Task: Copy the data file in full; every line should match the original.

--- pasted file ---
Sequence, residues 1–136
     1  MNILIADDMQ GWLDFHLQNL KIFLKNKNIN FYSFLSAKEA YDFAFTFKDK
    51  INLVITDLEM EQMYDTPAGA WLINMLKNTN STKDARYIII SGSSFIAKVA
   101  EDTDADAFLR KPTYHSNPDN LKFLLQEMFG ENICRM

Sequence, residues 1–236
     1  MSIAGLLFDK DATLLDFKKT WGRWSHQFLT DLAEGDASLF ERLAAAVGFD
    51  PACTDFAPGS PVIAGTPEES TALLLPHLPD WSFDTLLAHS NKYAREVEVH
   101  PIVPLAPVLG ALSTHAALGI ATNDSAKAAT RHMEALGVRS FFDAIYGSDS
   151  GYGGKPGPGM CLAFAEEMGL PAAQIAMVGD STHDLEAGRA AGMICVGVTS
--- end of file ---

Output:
Sequence, residues 1–136
     1  MNILIADDMQ GWLDFHLQNL KIFLKNKNIN FYSFLSAKEA YDFAFTFKDK
    51  INLVITDLEM EQMYDTPAGA WLINMLKNTN STKDARYIII SGSSFIAKVA
   101  EDTDADAFLR KPTYHSNPDN LKFLLQEMFG ENICRM

Sequence, residues 1–236
     1  MSIAGLLFDK DATLLDFKKT WGRWSHQFLT DLAEGDASLF ERLAAAVGFD
    51  PACTDFAPGS PVIAGTPEES TALLLPHLPD WSFDTLLAHS NKYAREVEVH
   101  PIVPLAPVLG ALSTHAALGI ATNDSAKAAT RHMEALGVRS FFDAIYGSDS
   151  GYGGKPGPGM CLAFAEEMGL PAAQIAMVGD STHDLEAGRA AGMICVGVTS